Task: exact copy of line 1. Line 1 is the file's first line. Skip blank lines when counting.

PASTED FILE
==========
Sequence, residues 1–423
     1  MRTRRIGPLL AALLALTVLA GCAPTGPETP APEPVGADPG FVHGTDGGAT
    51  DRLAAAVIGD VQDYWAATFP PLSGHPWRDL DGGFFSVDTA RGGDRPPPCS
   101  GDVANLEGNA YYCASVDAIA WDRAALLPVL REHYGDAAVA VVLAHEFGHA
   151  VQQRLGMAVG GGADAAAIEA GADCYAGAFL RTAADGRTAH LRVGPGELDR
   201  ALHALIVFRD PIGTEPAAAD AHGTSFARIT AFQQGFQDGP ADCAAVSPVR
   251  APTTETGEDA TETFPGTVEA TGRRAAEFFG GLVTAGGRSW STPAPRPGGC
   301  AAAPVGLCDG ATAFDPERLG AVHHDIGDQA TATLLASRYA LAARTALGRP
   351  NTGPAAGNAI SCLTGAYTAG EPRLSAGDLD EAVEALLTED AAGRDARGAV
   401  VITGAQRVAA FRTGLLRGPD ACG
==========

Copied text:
Sequence, residues 1–423